> its economic development. Last year the Navy admitted 
> that it had not honored the promises it had made in 
> the memorandum. In any case, how many treaties with 
> Native Americans has the U.S. government honored? 
> What if this time the Navy breaks its word "by 
> mistake"? It admitted last year that it had tested 
> depleted uranium ammunition in Vieques, but claimed 
> hat it had done so by mistake. The death of that 
> security guard last year was also a mistake. The 
> bombing of the Chinese embassy in Belgrade was also a 
> mistake. And the downing of an Iranian civilian 
> airliner in broad daylight on international airspace 
> over the Persian Gulf in 1988 was also a mistake. How 
> many more mistakes or "mistakes" will have to happen 
> before the U.S. government understands that its 
> military is not wanted in Vieques, not for one more 
> day? 
> And why is the military supervising this referendum? 
> In a democracy, the military is supposed to stay 
> awayfrom politics, especially electoral politics. 
> Would Americans tolerate the Pentagon intervening in 
> elections? 
> Why are Vieques residents the only ones allowed to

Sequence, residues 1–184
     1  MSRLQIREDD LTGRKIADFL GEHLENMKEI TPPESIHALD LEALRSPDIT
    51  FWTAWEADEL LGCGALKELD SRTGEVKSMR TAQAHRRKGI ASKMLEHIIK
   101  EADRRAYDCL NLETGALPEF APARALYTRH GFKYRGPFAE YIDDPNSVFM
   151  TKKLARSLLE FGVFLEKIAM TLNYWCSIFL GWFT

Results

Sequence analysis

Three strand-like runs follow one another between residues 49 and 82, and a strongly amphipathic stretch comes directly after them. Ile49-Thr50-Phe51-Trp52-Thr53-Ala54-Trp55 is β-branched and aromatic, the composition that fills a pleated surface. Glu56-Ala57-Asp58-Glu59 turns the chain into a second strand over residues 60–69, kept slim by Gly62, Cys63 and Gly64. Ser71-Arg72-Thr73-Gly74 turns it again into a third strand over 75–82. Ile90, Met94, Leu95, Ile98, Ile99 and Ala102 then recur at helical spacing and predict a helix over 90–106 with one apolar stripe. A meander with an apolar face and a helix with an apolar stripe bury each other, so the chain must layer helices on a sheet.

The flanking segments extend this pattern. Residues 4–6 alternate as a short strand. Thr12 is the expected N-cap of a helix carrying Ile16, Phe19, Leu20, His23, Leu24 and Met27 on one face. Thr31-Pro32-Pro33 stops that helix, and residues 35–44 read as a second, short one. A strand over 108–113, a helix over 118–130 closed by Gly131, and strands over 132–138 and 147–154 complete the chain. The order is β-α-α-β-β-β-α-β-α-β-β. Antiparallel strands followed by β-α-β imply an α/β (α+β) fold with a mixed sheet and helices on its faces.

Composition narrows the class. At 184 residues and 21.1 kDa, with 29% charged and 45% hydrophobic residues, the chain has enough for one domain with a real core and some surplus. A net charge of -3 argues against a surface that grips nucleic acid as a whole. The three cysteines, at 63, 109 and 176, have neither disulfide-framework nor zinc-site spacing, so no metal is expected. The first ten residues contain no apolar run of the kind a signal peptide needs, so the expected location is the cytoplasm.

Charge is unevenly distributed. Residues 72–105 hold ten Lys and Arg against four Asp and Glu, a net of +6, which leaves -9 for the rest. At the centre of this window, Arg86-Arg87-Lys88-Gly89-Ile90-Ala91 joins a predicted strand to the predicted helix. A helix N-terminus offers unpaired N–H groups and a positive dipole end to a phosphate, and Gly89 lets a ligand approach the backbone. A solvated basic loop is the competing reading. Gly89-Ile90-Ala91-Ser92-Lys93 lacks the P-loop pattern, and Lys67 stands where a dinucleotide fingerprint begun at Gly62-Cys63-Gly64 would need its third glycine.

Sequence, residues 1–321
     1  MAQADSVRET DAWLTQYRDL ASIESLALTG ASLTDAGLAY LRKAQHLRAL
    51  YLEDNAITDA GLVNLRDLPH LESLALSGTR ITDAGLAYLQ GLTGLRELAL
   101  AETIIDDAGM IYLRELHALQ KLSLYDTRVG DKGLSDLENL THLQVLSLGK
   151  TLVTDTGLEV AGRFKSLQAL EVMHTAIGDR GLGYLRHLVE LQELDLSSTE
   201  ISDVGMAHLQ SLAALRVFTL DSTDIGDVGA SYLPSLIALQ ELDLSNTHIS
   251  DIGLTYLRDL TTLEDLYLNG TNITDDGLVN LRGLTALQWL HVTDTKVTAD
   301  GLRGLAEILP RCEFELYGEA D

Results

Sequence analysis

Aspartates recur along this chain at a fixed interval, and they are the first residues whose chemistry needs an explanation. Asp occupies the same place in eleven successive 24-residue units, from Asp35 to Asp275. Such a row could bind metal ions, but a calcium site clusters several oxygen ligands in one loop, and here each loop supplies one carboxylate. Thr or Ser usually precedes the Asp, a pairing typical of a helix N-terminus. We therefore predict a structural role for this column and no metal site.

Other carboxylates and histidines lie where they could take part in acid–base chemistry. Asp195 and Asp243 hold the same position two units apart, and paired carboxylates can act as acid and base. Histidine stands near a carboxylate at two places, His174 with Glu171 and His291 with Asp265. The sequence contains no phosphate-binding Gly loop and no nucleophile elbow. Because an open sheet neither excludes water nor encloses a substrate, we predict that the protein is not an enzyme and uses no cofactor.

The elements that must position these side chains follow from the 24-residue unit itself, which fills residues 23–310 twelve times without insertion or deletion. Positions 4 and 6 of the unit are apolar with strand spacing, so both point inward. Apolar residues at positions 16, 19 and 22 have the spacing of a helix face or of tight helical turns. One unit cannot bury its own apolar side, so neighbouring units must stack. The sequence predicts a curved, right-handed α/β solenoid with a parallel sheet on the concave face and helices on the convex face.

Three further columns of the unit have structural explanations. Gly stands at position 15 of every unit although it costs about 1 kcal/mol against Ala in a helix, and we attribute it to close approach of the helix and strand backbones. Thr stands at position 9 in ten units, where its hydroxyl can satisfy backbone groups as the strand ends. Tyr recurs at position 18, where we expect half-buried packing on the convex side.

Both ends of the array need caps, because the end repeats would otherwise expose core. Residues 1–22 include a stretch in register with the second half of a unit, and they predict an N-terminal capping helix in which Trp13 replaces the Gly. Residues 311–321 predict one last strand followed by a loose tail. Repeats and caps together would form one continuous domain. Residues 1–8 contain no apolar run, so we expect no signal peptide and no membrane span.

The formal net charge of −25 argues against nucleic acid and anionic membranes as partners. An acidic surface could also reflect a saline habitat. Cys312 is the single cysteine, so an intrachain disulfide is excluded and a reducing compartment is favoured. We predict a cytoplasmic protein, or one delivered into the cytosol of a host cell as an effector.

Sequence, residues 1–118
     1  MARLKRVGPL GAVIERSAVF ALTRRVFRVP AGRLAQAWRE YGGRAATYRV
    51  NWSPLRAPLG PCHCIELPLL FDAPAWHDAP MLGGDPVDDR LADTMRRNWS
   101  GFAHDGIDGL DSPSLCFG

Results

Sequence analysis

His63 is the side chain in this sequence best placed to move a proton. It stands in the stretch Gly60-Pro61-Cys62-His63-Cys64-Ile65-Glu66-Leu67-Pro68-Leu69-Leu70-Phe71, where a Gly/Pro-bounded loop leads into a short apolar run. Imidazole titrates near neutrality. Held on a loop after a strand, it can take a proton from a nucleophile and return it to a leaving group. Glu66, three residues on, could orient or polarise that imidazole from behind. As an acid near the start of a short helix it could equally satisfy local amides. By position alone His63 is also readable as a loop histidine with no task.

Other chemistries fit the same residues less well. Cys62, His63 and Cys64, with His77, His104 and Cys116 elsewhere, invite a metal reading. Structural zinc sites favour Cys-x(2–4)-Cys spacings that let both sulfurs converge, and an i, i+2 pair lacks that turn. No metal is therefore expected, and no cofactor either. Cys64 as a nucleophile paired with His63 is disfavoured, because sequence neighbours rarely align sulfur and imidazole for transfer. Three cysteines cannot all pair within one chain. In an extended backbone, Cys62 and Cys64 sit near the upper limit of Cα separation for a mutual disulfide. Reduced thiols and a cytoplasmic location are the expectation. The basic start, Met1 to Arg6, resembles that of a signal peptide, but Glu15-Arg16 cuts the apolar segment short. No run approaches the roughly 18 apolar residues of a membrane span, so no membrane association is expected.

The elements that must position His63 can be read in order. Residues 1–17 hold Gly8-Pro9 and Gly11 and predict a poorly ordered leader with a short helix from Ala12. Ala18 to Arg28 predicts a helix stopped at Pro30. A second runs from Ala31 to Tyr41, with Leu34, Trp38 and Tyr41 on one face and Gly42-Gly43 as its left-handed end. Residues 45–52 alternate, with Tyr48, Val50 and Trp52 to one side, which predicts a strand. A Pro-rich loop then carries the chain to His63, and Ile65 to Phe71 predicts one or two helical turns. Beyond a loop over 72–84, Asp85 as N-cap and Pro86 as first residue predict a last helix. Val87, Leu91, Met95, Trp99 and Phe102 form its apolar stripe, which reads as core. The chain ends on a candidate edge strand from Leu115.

> vote in this referendum? Isn't this a matter of 
> concern to all Puerto Ricans? Imagine if a foreign 
> power were to occupy Oregon and Americans in the other 
> 49 states were told to butt out and mind their own 
> business. Americans shouldn't have to tolerate 
> something like that for a second. 
> If an injustice were to take place in Alabama, for 
> example, it would be a matter of concern to all 
> Americans, not just to those living in that state. 
> Therefore, all Puerto Ricans should be able to vote on 
> the future of Vieques. 
> Why a vote at all? Did the Navy hold elections to 
> occupy Vieques? Did it even ask for permission when it 
> evicted thousands of its residents in the 1940's? Did 
> the U.S. hold elections when it invaded Puerto Rico 
> and its warships bombed San Juan in 1898? 
> The Clinton directive on Vieques has been described in 
> the media as a deal that the President made with 
> Puerto Rico governor Pedro Rosselló. It is not a deal. 
> It is an order of the President of the United States 
> to the governor of a colony with no voice or vote in 
> Washington. 
> There are some who call the protesters anti-American. 
> But the opponents of the Navy presence in Vieques are 
> no more anti-American than the 19th century 
> abolitionists or the 20th century civil rights 
> movement. 
> Americans living in the fifty states must make it 
> clear to president Clinton that he must do the right 
> thing as Commander in Chief of the Armed Forces and 
> order the Navy to end its training activities in 
> Vieques immediately and permanently, and clean up the 
> toxic mess it made there. If the Navy doesn't like it, 
> that's just too bad. In a democratic republic, the 
> civilians are in charge, not the military. At least 
> that's what we were all taught in school.